Instead of using the register outputs to power the LEDs directly, we use them to control series of transistors. The cathode side is connected to ground through an NPN Darlington array (ULN2803), which is capable of sinking up to 500 mA per pin. On the anode side, each column is connected to a 5V power supply through a PNP transistor (2N3906), which can source up to 200 mA. (See image above.) Generally speaking, NPN transistors are better for sinking current and PNP transistors are better for sourcing current — which is why we have them at the cathode and the anode respectively. See the circuit diagram below. (Note: not pictured in this diagram are the 200-ohm resistors between the base of the PNP transistors and the shift register outputs.)

Step 3: An LED As a Light Sensor -- Two Methods of Detection

What makes this project exciting is that we can use the LED matrix to detect light, not just emit it. The catch is that the LEDs can’t be illuminated during the sensing process. This means that sensing has to be done very quickly, so the human eye doesn’t notice that the LEDs have been switched off.

There are two methods of light detection with an LED, described below.

Cathode Sensing.

This technique works by reverse biasing the LED. When the diode is in this state, it acts like a parallel plate capacitor. The diode’s depletion region serves as the insulator, and the anode and cathode act as the charged plates.

See Figure 1 in Step 3.

When light hits the depletion region, it dislodges an electron, creating an electron-hole pair. The electric field then sweeps the hole to the p-side and the electron to n-side — creating a small reverse current from the cathode to anode. If more light hits the depletion region, a larger current is generated.

See Figure 2 in Step 3.

To measure this current, we switch the cathode connection from a 5V output to a digital input. We then measure the amount of time it takes for the input pin to go low. If there is a lot of light, then a large current will be generated and the input pin will fall low very rapidly. If there is only a little light, then a small current will be generated and the input pin will take a longer time to reach low.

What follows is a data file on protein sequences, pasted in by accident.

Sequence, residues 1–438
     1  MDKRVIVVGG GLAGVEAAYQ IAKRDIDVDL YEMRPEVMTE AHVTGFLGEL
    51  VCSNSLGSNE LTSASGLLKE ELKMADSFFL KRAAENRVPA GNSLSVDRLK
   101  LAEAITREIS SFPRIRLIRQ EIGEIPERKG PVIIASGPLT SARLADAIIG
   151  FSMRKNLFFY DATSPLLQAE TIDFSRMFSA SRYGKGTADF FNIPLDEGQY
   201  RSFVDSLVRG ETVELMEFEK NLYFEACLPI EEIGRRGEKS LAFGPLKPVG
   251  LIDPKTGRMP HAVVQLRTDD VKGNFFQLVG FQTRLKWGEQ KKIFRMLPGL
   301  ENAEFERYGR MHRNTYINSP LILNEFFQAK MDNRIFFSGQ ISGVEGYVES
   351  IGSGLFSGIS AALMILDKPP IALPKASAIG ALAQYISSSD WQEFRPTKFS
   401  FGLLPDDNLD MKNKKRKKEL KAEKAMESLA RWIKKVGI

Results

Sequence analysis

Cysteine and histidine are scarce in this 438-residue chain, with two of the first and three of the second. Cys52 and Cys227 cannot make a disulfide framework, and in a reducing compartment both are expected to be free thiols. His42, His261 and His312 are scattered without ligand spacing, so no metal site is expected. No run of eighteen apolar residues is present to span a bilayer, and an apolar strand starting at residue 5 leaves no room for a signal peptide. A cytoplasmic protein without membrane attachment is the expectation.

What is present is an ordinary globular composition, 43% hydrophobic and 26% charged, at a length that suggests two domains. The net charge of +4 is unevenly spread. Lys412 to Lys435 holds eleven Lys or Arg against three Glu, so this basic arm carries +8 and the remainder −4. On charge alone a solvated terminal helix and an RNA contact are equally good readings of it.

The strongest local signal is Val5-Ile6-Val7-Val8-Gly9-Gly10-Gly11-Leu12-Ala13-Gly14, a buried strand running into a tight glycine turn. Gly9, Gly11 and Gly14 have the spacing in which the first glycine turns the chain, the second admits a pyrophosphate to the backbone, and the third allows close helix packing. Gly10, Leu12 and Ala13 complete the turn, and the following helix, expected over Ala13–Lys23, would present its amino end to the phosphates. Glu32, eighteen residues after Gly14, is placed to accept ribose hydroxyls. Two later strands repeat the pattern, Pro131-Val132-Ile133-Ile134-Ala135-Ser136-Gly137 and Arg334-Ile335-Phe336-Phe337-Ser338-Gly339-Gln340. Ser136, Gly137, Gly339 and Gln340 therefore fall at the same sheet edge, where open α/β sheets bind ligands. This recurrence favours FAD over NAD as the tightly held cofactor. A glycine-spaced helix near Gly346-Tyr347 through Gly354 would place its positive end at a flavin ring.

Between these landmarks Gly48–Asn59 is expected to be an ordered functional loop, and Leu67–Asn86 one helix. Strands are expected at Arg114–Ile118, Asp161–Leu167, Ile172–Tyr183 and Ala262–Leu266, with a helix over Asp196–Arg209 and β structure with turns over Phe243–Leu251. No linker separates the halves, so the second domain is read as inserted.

See Figure 3 in Step 3.

The advantage of this method is that it doesn’t require any additional hardware — with just two I/O pins on your microcontroller, you can both emit and detect light using an LED. The downside is that detecting light involves waiting for an input to drop low, which can take up to a few seconds in situations with little light.

Unfortunately, this means that cathode sensing and multiplexing are incompatible. For LED multiplexing to be effective, the LED can only be off for a few milliseconds, so the human eye doesn’t notice the flicker. If the LED needs to be off for multiple seconds to detect light, then there will be noticeable flickering.

Anode Sensing.

Anode sensing requires more hardware (and is therefore more expensive) than cathode sensing, but measurements can be taken in microseconds rather than milliseconds or seconds.

The anode is connected to an analog input and the cathode is connected to ground. As in cathode sensing, when light hits the depletion region, it dislodges an electron to create an electron-hole pair. The electron is swept to the n-side and the hole is swept to the p-side. Charge quickly builds, and the voltage difference can be measured by the analog input at the anode. The more light that the LED detects, the larger the voltage will be.

See Figure 4 in Step 3.

With this method, we are able to measure a row of LEDs in mere microseconds — a large improvement from the previous method. Because of the speed of this technique, we will use anode sensing to detect light in the matrix.

The Uno only has six analog inputs, so for this application we use an external analog-to-digital converter (MCP3208). The MCP3208 is a 12-bit, 8-channel ADC that communicates with the Uno using the Serial Peripheral Interface. We connect each channel to an anode in the matrix, and read the values one at a time through pin 12 on the Uno.

Step 4: Final Diagrams